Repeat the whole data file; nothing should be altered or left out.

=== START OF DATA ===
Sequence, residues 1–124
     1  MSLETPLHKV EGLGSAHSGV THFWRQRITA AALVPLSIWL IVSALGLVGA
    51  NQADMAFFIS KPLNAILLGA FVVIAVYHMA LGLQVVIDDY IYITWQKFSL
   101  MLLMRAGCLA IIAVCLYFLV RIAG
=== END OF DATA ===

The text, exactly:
Sequence, residues 1–124
     1  MSLETPLHKV EGLGSAHSGV THFWRQRITA AALVPLSIWL IVSALGLVGA
    51  NQADMAFFIS KPLNAILLGA FVVIAVYHMA LGLQVVIDDY IYITWQKFSL
   101  MLLMRAGCLA IIAVCLYFLV RIAG